An exercise in clarity: Explain “Information Architecture” in 10 words or less 23 Sep 2005

77 comments Latest by Joe

What exactly is an “Information Architect” or “Information Architecture” ? Explain it in 10 words or less. And then, take all the words you need to explain the difference between an information architect and a designer (not an artist, but a designer).

77 comments so far (Jump to latest)

Nick 23 Sep 05

Information Architect: Determines what must go where and how it should function.

As for “designer” vs “information architect,” I think both designations rely on similar skill sets (organization, systems thinking, etc). One difference that exists is where these fields affect a site’s users (assuming we’re talking about graphic design here — and that is an assumption). Good IA will make you fall in love with functionality. Good GD will make you fall in love with “look and feel.”

Of course, both of these things should be so transparent that you have no idea why you’ve fallen in love with the site in the first place.

Mark Gallagher 23 Sep 05

Information Architect:

Takes complicated information, organizes it, and makes it useful.

(only 9 words ;-)

Joerg 23 Sep 05

IA is about organising information into a meaningful and intuitive structure.

Design influences IA further. It’s about creating an experience/tool to get to this information in a natural efficient way. This is best achieved by empathizing with the end user, and refactoring the experience and the IA as much as possible from there.

I think both disciplines try to model reality as naturally as possible. One leans more toward taxonomy, the other more toward experience.

Jaime V�squez 23 Sep 05

Arranges information in a logical way.

Dan Boland 23 Sep 05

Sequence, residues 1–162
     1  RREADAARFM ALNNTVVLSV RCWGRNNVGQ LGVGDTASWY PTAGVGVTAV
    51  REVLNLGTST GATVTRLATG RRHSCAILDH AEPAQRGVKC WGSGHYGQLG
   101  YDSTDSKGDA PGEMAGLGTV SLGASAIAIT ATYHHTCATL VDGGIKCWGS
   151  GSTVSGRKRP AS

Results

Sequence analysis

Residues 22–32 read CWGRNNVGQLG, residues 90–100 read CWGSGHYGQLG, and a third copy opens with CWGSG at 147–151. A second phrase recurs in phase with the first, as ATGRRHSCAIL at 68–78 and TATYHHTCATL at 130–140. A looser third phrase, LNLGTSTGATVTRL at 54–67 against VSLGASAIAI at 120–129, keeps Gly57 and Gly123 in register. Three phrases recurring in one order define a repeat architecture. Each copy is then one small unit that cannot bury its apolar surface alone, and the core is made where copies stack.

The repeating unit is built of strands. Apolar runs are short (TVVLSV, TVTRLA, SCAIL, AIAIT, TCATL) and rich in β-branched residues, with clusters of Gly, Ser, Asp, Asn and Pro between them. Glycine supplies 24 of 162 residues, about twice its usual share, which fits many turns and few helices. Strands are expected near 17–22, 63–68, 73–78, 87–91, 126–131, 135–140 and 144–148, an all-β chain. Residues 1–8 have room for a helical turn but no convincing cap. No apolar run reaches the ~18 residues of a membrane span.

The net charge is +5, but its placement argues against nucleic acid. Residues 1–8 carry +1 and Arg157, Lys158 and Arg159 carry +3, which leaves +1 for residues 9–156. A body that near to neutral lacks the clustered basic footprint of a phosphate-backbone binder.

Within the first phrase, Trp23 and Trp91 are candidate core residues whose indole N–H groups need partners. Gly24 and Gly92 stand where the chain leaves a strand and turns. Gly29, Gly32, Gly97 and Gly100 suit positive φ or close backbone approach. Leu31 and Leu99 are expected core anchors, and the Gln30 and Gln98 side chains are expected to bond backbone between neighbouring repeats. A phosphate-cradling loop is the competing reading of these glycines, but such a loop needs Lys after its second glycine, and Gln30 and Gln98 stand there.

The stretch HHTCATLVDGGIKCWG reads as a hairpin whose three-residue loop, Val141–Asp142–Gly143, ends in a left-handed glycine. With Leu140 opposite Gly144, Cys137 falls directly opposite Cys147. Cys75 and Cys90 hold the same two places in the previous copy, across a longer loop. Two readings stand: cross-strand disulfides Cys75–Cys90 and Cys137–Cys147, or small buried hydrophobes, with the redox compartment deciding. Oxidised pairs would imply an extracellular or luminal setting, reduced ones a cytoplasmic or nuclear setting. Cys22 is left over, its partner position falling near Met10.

Duh, an information architect designs building made out of words. =)

Minoru 23 Sep 05

Right information to the right people at the right time.

Megan Holbrook 23 Sep 05

Information Architect: Designs beautiful navigational structure which client then ruins (8 words!) ;/

Information Architect: Creates hierarchy of information to help visitors navigate websites.

An Information Architect creates the navigational structure of the site and hierarchy of information. A Designer figures out how to make the structure *visibly* hierarchical and highlight information in a way that both attracts, guides and informs visitors.

Tim Case 23 Sep 05

I don’t understand the whole information architect thing at all. In fact, so far the word architect applied to anything involved with building web applications or software just doesn’t sit right with me. We saw this with so-called enterprise architects where the word architect implied some sort of master planner who could create grand designs and blueprints that the peons would turn into a gold. It implied that but no one was really sure quite what they did.

I’ve read a few articles written by information architects and they seem to fall into this same ambiguity where the division of design and information (and programming) is something artificial. It’s a dangerous implication that somehow designers and programmers can be detached from the information they are working with because there is an information architect on site to handle those “pesky details” or that somehow the management of content is outside the job requirements of the designer and programmer.

In this day and age everyone who presents information for other people in any medium, but especially the web, should be an information architect whatever that names implies and just drop the useless title.

Tim Uruski 23 Sep 05

Making information more useful by way of accessibility.

Julie Horton 23 Sep 05

Ok, here’s two. I couldn’t decide.

Arranges and categorizes words, pictures, and flow for easy use.

Organizes, categorizes, and arranges content and flow for easy use.

While designers need to keep in mind design that is easy to use, their focus is more on the ‘look and feel’ and less on the workflow, process flow, structure, and organization.